Admission to France of asylum seekers since 2000

Population and Societies

552, February 2018

What happens to the people who apply for asylum in France? How many obtain protection? And what proportion of unsuccessful asylum seekers are admitted for residence on other grounds, such as employment or family reasons? Analysing data since 2000, Hippolyte d’Albis and Ekrame
Boubtane calculate the share of asylum seekers admitted for residence in France and describe the variations by year of application and by reason for admission.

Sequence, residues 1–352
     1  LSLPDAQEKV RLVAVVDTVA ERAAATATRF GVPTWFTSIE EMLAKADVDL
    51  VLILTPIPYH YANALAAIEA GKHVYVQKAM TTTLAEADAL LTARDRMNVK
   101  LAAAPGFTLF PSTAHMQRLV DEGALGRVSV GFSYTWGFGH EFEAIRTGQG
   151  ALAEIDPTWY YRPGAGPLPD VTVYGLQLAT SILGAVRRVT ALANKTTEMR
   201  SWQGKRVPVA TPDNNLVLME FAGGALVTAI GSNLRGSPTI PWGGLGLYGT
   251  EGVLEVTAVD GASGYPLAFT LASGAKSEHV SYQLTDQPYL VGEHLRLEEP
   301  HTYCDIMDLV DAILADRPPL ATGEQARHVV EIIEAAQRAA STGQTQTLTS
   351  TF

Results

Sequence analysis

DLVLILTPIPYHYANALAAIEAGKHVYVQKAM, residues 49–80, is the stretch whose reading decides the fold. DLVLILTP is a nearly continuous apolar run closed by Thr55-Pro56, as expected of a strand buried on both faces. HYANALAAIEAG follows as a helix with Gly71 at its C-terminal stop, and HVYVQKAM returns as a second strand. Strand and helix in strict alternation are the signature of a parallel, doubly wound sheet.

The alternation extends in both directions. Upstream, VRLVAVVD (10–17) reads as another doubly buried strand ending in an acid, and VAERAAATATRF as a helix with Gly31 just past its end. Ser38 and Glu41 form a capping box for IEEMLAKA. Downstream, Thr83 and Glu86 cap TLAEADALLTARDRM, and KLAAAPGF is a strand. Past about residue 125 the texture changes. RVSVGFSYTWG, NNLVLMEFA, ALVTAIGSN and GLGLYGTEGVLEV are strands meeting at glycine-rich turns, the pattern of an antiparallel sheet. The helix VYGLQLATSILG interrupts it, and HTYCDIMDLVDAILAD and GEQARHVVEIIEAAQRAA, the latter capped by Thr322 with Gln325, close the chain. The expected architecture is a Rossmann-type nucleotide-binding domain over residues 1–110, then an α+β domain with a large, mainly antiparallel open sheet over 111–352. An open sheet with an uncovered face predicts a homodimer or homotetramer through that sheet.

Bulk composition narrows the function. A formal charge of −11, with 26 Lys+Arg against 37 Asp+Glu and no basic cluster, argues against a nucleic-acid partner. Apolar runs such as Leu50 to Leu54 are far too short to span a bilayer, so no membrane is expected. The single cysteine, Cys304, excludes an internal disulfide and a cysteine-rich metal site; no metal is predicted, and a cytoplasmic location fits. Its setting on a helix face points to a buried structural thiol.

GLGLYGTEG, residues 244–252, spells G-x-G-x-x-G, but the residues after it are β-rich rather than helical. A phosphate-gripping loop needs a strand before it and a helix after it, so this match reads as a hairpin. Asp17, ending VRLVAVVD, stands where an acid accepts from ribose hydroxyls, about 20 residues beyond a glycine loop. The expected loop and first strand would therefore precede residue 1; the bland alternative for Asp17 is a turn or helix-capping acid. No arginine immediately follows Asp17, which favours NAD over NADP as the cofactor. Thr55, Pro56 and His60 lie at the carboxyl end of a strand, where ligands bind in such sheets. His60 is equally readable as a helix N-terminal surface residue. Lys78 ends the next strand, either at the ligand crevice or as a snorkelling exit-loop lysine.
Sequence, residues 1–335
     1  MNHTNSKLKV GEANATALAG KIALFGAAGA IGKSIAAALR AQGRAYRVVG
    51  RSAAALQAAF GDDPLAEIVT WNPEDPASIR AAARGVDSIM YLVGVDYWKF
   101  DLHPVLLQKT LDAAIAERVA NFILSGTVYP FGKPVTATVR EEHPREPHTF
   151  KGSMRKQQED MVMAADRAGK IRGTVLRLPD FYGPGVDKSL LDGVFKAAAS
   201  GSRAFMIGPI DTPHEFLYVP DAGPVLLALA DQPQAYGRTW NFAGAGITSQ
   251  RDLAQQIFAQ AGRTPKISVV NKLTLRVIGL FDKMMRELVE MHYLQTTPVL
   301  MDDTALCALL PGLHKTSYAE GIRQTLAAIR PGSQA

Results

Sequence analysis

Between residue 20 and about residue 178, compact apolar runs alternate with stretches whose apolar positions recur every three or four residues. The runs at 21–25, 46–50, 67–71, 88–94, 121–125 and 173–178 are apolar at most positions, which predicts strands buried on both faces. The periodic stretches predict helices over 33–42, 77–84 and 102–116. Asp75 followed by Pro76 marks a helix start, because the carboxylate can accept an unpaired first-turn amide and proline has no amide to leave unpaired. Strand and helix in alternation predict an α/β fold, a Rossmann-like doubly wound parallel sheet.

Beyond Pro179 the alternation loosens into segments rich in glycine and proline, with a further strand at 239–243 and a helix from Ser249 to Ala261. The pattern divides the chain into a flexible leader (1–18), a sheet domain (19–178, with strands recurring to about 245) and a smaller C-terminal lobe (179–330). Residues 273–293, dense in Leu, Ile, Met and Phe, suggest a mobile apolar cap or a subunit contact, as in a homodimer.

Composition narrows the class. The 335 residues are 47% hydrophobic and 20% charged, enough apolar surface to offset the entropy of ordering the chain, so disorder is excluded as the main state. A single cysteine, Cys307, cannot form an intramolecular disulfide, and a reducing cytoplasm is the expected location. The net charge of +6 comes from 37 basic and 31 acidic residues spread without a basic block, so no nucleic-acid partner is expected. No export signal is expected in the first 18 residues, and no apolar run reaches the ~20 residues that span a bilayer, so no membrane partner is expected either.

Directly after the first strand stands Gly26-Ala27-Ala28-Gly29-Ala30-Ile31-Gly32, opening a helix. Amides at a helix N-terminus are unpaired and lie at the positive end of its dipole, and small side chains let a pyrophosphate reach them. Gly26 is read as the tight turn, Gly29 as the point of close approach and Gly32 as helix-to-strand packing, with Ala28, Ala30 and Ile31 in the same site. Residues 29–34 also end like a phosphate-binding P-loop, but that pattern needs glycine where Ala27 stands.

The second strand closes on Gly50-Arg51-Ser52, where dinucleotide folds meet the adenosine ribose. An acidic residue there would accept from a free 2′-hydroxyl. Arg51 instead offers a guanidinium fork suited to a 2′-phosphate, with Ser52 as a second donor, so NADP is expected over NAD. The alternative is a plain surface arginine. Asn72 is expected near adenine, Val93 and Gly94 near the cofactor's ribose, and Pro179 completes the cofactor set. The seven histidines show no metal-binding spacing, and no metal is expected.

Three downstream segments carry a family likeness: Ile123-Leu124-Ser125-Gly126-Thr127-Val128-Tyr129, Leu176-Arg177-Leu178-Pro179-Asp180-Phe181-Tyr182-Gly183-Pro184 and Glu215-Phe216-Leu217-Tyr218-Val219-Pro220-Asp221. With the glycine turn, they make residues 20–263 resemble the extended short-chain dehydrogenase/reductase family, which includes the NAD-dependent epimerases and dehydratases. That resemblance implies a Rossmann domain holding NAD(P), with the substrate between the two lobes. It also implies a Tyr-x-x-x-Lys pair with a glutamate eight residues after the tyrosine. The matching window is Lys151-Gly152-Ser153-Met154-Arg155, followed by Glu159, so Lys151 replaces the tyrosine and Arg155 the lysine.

While the number of asylum applications in France has increased in recent years, they account for a declining share of total claims across the European Union, as France has been less concerned by recent inflows of asylum seekers than some of its European neighbours. Around one quarter of applicants are granted asylum in France, although the proportion ranges from 18% to 32% depending on the application year. More than a quarter of applicants are unsuccessful, but are ultimately admitted for residence on different grounds (education, family, employment), often many years later. Among asylum applicants in 2000, almost 60% had been admitted for residence by 31 December 2016, one third as refugees, stateless persons or beneficiaries of subsidiary protection, and slightly more than half for family reasons.

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